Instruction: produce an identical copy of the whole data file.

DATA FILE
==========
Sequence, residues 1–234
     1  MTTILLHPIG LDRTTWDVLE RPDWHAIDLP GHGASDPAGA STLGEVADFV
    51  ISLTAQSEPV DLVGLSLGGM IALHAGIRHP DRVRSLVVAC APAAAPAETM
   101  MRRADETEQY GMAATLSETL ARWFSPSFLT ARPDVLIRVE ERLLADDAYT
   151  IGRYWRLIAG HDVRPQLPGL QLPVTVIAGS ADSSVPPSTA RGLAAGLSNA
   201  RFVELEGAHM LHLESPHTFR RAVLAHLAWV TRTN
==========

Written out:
Sequence, residues 1–234
     1  MTTILLHPIG LDRTTWDVLE RPDWHAIDLP GHGASDPAGA STLGEVADFV
    51  ISLTAQSEPV DLVGLSLGGM IALHAGIRHP DRVRSLVVAC APAAAPAETM
   101  MRRADETEQY GMAATLSETL ARWFSPSFLT ARPDVLIRVE ERLLADDAYT
   151  IGRYWRLIAG HDVRPQLPGL QLPVTVIAGS ADSSVPPSTA RGLAAGLSNA
   201  RFVELEGAHM LHLESPHTFR RAVLAHLAWV TRTN